Some samples of joss
This is a photo of Mr. Lee but it’s from the website, he hurried away just as we arrived. We did see a box of joss sticks just like he is making in this photo.
Unfortunately, when we got to his shop he only had time to tell us that he was off to see the doctor. But his story is really interesting.
“Mr. Lee Beng Chuan has been making joss sticks for decades now. This sprightly 60-some year old man and his wife continue to churn out joss sticks for a select group of loyal customers. Mr. Lee started out not as a joss stick maker but he was commissioned to handcraft dragon and phoenix effigies onto large joss sticks that were used for special occasions such as important Chinese festivals and birthdays. As his eyesight began to fail, he decided to switch to a labour intensive but less skilful career and hence making joss sticks instead. Today, Mr. and Mrs. Lee continue to churn out joss sticks for their very niche market. Although, Mr Lee used to produce thin jossticks - those often seen at alters in temples, he can no longer compete in pricing especially those from China and Vietnam. Instead, he makes shorter, fatter jossticks, which he says are more appropriate for his customers who many have moved away from houses and into apartments. In this way, the smaller jossticks would take a shorter time to burn and hence less smoke in the apartment.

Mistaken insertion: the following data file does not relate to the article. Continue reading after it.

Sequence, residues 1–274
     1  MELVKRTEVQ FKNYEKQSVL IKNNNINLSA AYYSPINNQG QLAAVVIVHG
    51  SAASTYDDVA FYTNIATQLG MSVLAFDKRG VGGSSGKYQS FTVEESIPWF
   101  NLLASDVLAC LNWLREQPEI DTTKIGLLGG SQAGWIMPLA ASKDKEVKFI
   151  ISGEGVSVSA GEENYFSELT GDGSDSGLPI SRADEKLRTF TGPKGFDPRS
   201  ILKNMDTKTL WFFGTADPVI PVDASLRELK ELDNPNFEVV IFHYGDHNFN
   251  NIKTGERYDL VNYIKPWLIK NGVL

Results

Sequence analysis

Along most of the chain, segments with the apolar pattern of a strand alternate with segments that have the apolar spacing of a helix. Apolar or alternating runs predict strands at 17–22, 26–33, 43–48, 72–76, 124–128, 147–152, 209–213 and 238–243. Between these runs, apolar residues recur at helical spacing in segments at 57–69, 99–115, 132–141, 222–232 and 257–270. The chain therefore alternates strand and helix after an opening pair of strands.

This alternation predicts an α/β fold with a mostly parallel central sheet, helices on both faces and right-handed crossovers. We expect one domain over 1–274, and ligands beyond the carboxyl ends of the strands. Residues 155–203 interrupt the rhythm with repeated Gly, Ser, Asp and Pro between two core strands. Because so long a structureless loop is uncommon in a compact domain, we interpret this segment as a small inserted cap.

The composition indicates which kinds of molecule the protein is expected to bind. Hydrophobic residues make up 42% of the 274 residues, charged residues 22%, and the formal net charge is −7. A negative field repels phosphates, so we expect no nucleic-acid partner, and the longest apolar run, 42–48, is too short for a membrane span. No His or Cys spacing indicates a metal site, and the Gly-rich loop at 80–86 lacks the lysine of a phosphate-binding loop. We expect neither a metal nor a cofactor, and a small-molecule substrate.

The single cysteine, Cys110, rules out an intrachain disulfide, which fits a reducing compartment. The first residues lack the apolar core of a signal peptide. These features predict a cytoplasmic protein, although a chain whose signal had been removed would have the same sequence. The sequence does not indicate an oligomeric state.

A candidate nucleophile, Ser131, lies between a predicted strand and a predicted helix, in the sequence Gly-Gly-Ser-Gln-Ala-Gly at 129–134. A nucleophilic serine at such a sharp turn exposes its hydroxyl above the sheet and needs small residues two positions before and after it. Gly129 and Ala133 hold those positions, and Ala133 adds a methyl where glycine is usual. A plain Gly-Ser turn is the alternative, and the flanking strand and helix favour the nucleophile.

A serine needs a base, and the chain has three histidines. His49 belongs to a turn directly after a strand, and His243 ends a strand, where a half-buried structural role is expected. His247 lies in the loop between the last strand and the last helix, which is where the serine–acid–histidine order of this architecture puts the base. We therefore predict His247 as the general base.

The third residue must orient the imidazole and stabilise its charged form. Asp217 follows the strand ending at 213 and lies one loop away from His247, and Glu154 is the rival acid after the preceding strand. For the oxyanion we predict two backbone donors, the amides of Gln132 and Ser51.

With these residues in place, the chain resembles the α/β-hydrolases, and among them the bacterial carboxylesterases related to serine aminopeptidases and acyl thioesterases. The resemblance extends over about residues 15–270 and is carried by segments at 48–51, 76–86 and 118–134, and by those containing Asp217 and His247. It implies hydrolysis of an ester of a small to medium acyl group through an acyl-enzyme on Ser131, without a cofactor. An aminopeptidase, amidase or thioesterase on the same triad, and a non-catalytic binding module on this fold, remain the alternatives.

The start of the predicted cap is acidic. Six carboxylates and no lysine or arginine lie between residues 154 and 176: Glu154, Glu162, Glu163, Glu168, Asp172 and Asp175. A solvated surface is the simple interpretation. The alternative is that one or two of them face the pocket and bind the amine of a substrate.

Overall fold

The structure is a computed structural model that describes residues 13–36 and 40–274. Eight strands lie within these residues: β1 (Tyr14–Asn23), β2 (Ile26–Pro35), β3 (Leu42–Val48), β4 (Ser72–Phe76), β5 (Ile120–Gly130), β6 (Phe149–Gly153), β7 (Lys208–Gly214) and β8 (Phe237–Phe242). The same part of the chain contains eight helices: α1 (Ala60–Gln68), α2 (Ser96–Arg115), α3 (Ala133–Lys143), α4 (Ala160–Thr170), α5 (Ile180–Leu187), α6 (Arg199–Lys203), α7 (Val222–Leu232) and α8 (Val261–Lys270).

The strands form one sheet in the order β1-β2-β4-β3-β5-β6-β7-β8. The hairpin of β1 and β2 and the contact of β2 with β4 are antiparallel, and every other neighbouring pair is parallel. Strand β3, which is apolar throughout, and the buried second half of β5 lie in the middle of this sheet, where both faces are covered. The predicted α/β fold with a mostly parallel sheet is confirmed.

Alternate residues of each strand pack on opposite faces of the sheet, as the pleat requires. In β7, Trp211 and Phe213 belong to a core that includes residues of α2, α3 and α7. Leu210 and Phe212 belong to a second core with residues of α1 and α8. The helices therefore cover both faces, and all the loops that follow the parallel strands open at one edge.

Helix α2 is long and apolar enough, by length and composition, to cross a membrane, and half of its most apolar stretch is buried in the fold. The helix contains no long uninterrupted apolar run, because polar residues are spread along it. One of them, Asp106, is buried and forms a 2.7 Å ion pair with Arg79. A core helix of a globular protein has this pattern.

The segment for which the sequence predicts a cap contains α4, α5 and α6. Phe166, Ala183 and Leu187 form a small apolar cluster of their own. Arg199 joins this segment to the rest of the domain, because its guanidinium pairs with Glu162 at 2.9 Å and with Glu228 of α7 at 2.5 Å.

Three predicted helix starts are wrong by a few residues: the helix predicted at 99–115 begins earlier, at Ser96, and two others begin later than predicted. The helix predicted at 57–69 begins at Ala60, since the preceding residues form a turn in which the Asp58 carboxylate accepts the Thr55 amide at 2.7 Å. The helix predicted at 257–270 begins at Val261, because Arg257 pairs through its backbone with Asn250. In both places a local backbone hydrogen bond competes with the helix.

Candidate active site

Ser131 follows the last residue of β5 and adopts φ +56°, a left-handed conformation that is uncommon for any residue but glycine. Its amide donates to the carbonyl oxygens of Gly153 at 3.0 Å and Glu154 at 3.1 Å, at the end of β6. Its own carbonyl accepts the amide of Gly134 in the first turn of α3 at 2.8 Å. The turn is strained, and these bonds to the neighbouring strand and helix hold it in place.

Visitors can buy jossticks from Mr. Lee. He sells them in a variety of sizes. He will proudly show anyone interested, the process of making jossticks over and over again without missing a skip. However, Mr. Lee and wife speak only Chinese and a bit of Malay. On rainy days, Mr. Lee does other things apart from making jossticks, as the process requires quite a bit of sun. The final stages before packing is to dry the jossticks under direct sunlight for 2 days. Mr. Lee has lived in this house on this street for over 65years. He sadly reminisces days when the row of houses in which he still lives on were filled with folks working on all sorts of trades. As the younger generation went off to school and universities, they left their homes for luxuries of apartments and bigger cities. Many of the older generations went along and retired from their livelihood. Mr. Lee maintains that he and his wife would prefer to work for as long as they are able to ~ their way of life is what makes them whole.”
No. 1 Lorong Muda. Operations hours: 8.00am - 11.00am (also depending on the rain, weekdays).
We walked over near the Esplanade to catch the free bus that takes you around George Town.
I took this photo from the boat as we passed by on our way to Langkawi. You can see the style of the government buildings along the Esplanade built by the British during the 1800s and early 1900s
St George’s Church, dates from 1818 and is the oldest Anglican church in Malaysia.